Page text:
School of Graduate Studies

The State of the State of Dementia Explored at Professional Conference at UW-Whitewater

State of Dimentia Conference at UW-Whitewater

Written by Kari Borne

Practitioners, clinicians, and others in the field of aging gathered at the University of Wisconsin-Whitewater on June 5 to attend “The State of the State of Dementia in Wisconsin Professional Caregiver Conference.”

The conference was organized by county Aging and Disability Resource Centers (ADRC), and led by dementia care specialists Karen Tennyson of the Rock County ADRC and Tonya Runyard of the Jefferson County ADRC. It included an overview of the Wisconsin State Dementia Plan, 2024-2028, and other topical sessions, including some led by alums of UW-Whitewater.

“We serve our region through a variety of partnerships, and this conference is an excellent example of that,” said Matt Vick, Dean of the School of Graduate Studies and Continuing Education. “Dementia is a critical healthcare issue and we are pleased that so many professional caregivers joined us on campus to learn more.”

The Wisconsin State Dementia Plan aims to address factors that exacerbate dementia-related health disparities, promote dementia-related awareness, ensure high-quality care and services, as well as championing independence and choice for people living with dementia, while encouraging collaborative systems in the aging field.

Various areas of the Plan were highlighted by speaker Carrie Molke, director of the Bureau of Aging and Disability Resources in the Wisconsin Department of Health Services. Bryce Dorff, research analyst with the Office of Policy Initiatives and Budget at the Wisconsin Department of Health Services, shared information on how data was collected from surveys and listening sessions throughout the state. Dorff spoke on how the data informed the strategies and goals of the Plan. Conference participants were also offered ways to get involved to accomplish the goals of the Plan.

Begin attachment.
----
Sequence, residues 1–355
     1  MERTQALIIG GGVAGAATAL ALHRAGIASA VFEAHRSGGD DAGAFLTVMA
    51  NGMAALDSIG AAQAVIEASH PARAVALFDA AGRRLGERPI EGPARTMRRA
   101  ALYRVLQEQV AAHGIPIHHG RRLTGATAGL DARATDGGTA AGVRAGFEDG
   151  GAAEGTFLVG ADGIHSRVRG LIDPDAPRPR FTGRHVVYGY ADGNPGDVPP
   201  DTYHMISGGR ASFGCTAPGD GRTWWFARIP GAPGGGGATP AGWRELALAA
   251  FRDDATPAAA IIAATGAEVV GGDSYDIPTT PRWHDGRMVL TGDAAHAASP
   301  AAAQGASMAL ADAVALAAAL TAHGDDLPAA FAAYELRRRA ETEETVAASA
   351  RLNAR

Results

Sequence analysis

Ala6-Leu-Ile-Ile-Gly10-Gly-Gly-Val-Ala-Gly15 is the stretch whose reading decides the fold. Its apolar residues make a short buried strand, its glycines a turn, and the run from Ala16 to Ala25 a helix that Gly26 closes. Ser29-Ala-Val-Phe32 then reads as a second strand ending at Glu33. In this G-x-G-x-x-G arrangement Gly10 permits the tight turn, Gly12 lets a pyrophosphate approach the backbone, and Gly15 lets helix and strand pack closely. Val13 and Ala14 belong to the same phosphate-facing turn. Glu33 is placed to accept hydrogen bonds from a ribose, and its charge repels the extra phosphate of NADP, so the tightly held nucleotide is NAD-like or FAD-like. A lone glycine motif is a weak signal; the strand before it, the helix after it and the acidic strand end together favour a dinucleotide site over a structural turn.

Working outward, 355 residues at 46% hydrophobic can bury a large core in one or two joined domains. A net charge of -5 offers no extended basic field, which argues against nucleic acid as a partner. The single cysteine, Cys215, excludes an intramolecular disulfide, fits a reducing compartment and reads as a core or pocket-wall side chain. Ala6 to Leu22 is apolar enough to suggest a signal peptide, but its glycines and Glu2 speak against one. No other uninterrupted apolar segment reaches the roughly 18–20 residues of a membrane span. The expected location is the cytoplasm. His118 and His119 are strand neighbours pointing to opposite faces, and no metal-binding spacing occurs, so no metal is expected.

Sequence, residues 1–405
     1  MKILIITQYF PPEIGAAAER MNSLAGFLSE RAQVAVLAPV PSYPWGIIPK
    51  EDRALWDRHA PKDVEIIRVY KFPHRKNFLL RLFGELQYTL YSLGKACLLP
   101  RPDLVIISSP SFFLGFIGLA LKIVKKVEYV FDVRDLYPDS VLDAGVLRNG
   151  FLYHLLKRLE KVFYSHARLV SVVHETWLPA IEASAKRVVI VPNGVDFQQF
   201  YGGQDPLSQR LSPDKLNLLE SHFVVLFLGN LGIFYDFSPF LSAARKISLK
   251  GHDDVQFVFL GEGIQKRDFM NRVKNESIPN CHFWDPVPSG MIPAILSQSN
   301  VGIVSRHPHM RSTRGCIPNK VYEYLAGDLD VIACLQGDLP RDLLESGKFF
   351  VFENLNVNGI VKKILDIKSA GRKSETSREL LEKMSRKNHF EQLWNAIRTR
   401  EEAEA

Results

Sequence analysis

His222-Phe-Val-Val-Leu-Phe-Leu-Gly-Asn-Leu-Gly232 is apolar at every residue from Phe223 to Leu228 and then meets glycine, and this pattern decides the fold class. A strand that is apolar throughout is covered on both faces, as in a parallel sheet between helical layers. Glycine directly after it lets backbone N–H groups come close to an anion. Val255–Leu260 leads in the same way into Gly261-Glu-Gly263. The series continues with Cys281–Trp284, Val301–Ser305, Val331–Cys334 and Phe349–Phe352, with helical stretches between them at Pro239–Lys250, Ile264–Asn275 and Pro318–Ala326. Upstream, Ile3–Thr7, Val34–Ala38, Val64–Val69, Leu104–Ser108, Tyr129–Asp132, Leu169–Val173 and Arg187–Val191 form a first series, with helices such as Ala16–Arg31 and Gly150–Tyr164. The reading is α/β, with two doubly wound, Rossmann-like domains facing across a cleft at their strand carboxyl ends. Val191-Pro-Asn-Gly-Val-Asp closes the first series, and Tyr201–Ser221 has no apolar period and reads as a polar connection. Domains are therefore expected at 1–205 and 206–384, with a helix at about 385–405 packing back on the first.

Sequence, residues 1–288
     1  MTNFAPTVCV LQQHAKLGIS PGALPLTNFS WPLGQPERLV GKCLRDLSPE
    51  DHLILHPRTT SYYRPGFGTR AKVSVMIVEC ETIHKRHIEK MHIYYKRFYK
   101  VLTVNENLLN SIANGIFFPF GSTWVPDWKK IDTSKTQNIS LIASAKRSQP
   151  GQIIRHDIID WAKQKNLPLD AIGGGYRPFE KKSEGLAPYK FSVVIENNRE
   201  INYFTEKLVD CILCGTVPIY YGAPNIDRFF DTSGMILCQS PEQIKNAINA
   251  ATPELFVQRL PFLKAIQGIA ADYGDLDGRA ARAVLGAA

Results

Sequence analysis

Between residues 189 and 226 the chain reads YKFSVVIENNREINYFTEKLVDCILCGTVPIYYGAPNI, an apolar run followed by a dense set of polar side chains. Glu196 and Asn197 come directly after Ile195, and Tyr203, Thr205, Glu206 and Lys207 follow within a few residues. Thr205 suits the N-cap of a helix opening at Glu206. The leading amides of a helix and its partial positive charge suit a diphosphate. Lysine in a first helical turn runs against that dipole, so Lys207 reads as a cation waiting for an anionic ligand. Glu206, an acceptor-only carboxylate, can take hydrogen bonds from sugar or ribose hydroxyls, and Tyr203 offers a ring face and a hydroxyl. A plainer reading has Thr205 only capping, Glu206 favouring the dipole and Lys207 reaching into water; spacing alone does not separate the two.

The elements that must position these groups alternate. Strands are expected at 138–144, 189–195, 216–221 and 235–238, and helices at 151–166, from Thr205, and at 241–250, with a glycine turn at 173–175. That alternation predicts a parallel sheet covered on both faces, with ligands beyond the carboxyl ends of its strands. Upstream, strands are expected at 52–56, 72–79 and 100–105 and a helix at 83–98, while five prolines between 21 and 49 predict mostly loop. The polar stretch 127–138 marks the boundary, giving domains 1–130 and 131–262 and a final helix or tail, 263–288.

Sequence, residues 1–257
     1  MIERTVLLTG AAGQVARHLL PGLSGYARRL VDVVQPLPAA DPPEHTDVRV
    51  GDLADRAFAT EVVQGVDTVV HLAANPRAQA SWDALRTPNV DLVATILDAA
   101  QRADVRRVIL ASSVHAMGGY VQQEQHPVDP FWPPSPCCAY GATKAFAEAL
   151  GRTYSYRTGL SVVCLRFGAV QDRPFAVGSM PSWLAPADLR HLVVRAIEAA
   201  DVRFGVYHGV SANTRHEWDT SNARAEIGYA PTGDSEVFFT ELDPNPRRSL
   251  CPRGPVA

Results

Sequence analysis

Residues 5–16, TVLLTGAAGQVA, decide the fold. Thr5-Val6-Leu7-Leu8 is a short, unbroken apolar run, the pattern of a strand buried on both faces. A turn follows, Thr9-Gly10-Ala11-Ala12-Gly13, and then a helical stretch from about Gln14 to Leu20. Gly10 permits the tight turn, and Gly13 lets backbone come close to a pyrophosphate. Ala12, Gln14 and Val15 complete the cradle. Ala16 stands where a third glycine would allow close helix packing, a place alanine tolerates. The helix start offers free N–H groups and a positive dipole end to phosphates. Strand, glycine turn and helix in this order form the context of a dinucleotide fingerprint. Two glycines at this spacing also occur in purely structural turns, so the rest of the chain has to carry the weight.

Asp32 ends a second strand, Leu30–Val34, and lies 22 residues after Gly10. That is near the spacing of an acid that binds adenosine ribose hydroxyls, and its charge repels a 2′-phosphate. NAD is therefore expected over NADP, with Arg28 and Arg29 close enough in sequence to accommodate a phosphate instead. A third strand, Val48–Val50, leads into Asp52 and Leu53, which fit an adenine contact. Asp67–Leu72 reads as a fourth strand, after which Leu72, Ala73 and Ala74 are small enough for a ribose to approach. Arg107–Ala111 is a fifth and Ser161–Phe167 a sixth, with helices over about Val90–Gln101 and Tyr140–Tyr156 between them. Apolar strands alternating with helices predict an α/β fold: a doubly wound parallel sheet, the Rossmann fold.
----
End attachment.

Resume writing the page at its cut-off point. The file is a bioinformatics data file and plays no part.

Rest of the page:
A number of sessions, all aiming to inform and energize professionals working in the field, followed the Plan overview. Led by practitioners and licensed clinical social workers, sessions included discussions about Adult Protective Services, Dementia and Crisis, Stabilization, In-Patient Psychiatric Units and the Law, Intergenerational Technology Services Program, and Caregiver Concerns and Community Education.

The conference culminated with a panel discussion of individuals impacted by dementia.  Panelists included a physician caring for his wife with Alzheimer’s disease, a clinical psychologist recently diagnosed with mild cognitive impairment, a former registered nurse who became a live-in caregiver for a friend with dementia until her death, and a daughter who realized the severity of her father’s dementia once she became his caregiver. Their unique and moving experiences engaged the audience and highlighted the complicated journey travelled by people living with dementia, their families and caregivers.

Nearly 100 people attended the conference from organizations around the state. Aging professionals included case managers, guardians, social workers, state and county-level supervisors, and county, state and federal legislative liaisons. These professionals represent hospitals, hospice agencies, long-term care facilities and a variety of state and county-level human service agencies. They came together to learn and share more about this vital health topic that affects thousands of Wisconsinites every year.

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